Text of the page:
Brownie the Leader
In the middle of a disastrous season, let’s appreciate the greatness of Dustin Brown.
Full Disclosure: What I will embark on in this featurette is an ode to the leadership of Dustin Brown, the only Kings captain to hoist the Stanley Cup. This is in no way a slight to the current captain, the greatness of Wayne Gretzky, or any previous captains. This is column of appreciation. Don’t read anything else into it during the Jewels From The Crown Month of Thankfulness.
“Our chief want is someone who will inspire us to be what we know we could be.” – Ralph Waldo Emerson
Prior to the game against the Rangers on Sunday, the Kings had not been good. They had the NHL’s worst goal differential at minus-18 and had scored the league’s fewest goals with 18, standing at 2-7-1. In other words, terrible.
We were all pining for the return of Dustin Brown. We were craving his leadership by example. Surely, he would fix the power play. We needed that old time hockey that only Brownie delivers. The guy everyone wanted to be picked up in the expansion draft had regained his savior status. How? Simply by the Kings looking lost on the ice without him for ten games.
And just like that, he delivered, picking up the lose change off an Ilya Kovalchuk blast and depositing it past poor Hank Lundqvist. Hope was restored as the Kings came back from two down to win 4-3.
Even as they sit in the National Hockey League cellar and the cries go out to #LoseForHughes, things feel better with Brown mowing down opposing players and giving us fans back the never say die attitude. He delivers the magic that was missing with all the intangibles he delivers.
I really felt his absence during the six-game losing streak when John Stevens called out some of the players, asserting their lack of effort. At work, I never call out my officemates when they underperform. I figure out a way to show them how I would deliver results. Somehow it usually works itself out. Maybe I learned that from Brownie. During all those years in a Kings uniform, I never heard of him criticizing a teammate publicly or privately. Not once. Not during his entire career.
I mean, what was the point? Everyone already knew Brown is their best leader — why undermine his teammate’s confidence by making them doubt themselves, or even worse, making them wonder if he believed in them? How was that beneficial?
Brown believes that a hockey team only achieves its potential if everyone embraces their roles — you figure out what you have, split the responsibilities and you’re off. The less thinking, the better.
When Brown joined the team for his first full season in 2005-2006, I was already a thirty-year die hard, still dreaming about putting non-existent Stanley Cup patches on my Kings limited edition letterman’s jacket. I had stopped going to Kings games regularly. We were bad and the place was dead. I won three sets of tickets one day and was able to see him in his first full season. Brown came in and transformed everything.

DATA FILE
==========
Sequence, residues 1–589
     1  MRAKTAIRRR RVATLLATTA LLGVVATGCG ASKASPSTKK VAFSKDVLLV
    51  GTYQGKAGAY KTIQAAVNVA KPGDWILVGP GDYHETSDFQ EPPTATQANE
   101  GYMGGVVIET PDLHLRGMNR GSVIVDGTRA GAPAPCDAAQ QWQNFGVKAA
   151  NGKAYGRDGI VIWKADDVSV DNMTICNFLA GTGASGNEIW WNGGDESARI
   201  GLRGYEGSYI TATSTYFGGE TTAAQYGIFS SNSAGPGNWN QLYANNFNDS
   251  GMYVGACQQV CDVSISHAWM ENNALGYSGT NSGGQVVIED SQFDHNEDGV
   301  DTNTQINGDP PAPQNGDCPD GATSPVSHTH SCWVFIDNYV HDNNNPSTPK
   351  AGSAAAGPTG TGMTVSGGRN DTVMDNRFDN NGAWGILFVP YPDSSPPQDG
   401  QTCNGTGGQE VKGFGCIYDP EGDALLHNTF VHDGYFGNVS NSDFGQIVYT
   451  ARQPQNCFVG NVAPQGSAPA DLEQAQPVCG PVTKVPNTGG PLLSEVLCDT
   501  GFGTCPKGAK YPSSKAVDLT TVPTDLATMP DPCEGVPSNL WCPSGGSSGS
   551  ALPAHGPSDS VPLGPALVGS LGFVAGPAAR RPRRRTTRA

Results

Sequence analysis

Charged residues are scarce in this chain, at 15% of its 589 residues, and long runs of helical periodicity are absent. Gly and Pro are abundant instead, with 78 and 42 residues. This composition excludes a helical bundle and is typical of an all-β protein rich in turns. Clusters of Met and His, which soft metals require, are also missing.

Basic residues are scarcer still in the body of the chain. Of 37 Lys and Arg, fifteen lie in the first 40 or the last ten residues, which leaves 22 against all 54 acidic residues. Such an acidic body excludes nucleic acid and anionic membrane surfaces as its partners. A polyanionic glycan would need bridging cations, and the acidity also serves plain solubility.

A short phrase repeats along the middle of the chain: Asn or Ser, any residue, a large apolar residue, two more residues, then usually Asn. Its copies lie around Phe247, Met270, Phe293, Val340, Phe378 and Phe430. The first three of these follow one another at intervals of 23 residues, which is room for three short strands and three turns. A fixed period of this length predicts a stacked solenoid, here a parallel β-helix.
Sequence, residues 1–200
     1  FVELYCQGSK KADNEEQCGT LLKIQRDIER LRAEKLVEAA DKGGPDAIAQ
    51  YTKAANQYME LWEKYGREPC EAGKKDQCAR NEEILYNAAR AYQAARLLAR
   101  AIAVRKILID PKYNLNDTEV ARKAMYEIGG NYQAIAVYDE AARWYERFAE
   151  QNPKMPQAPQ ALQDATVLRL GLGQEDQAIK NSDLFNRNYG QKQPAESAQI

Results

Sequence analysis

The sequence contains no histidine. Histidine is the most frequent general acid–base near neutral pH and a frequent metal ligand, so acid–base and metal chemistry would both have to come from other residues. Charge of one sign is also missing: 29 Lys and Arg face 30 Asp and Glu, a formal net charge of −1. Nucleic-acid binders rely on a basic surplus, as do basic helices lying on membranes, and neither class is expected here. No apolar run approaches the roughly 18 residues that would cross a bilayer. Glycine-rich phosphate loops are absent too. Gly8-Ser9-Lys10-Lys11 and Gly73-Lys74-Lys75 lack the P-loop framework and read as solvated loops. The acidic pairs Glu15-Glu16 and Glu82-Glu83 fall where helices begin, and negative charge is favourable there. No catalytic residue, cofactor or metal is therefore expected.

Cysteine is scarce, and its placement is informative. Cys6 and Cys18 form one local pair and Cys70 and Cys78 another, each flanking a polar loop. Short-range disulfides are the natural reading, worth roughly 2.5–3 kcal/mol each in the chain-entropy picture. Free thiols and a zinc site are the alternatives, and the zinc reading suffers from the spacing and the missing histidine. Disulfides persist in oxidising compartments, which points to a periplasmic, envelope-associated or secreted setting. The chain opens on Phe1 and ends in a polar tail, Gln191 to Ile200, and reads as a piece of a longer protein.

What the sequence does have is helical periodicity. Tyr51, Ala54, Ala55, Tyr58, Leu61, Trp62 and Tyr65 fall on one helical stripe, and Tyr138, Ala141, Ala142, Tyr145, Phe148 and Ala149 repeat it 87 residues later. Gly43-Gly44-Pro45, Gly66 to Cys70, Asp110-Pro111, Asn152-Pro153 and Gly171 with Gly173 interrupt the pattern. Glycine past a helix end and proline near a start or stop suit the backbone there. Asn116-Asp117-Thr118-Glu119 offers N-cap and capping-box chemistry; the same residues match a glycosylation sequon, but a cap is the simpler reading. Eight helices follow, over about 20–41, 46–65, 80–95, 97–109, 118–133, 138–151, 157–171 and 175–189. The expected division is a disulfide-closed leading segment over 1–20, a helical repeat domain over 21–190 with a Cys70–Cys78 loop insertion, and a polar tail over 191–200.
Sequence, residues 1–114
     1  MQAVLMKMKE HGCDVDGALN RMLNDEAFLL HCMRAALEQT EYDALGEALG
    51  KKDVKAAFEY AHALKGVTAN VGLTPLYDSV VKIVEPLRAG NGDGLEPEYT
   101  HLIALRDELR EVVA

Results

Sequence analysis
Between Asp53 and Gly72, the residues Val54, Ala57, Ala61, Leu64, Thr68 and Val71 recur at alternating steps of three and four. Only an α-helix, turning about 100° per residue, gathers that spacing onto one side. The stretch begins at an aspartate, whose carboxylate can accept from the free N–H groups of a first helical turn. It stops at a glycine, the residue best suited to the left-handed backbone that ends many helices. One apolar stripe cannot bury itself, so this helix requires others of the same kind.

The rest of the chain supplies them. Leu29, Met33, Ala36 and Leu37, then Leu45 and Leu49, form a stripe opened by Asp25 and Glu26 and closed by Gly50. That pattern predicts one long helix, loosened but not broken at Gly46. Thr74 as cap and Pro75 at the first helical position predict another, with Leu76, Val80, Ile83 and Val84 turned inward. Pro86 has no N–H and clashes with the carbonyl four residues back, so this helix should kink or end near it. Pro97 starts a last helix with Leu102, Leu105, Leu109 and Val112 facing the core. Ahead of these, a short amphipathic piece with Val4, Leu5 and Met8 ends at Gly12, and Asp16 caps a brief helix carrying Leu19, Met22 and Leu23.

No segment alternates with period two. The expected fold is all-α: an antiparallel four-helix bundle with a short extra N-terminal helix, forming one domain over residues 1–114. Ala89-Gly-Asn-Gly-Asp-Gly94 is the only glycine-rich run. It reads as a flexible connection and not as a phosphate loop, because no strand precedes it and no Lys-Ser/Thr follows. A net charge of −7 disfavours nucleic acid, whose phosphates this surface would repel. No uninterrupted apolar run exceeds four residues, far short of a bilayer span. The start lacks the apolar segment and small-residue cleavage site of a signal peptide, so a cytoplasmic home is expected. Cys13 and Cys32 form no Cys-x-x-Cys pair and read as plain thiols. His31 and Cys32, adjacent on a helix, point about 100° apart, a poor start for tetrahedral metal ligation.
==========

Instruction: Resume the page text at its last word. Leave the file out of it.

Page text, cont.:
He wasn’t just a wrecking ball; he changed the way his teammates played. He brought everyone to a higher place. Dustin Brown’s game and the emotion he created in Los Angeles was palpable, and it still is. Does that make him Superman?
Not close, but actually close in a sense.
He wasn’t saving lives or leaping tall buildings in a single bound. He didn’t make downtown safer or rescue kittens from trees. That being said, I can’t imagine what my life would have been like without him. He eased me out of a mid-life crisis and our hair got grayer together over the years. He won two Stanley Cups and the Mark Messier NHL Leadership Award. He helped save my love of hockey and rejuvenated a wobbling Kings franchise.
Ever since I was five years old, I loved hockey more than just about anything. Accidentally, enigmatically, luckily, the greatest ice team leader of my lifetime landed on my team in my jaded years. I had the privilege of watching him, day in and day out, since then. His work ethic and his competitiveness rubbed off on his teammates. He always rose to the occasion when it mattered. His sacrifice is contagious. When you watch him long enough, you start to see the angles he was seeing; instead of reacting to what just happened, you reacted to the play as it was happening.
Almost 13 years have passed since that first night I saw him – with tickets I won on the radio – and I still haven’t stopped marveling at how he makes people better. Maybe Dustin Brown isn’t Superman, but he sure as heck seems like it.
Some players transcend the ice and their humble quotes showcase why they are special. Here are five of my favorite Brownie quotes I have assembled from over his career:
“I think it’s important to be hard on the other team’s top player and I make an effort of finishing my checks. But those big, impact hits? They just happen.”
“LA is one of those towns where if you want to get noticed, you have to win.”
“I felt like we had a team that could do a lot if we got there and started playing together. We felt like we owed it to the fans here to take a shot.”
“If I’m going to take a penalty, I want it to be because I ran a guy through the boards.”
“We’re starting to see people get pretty excited about the Kings right now, and that’s nice from a player’s standpoint, but probably more important for those die-hard fans that have been here through the 45 years.”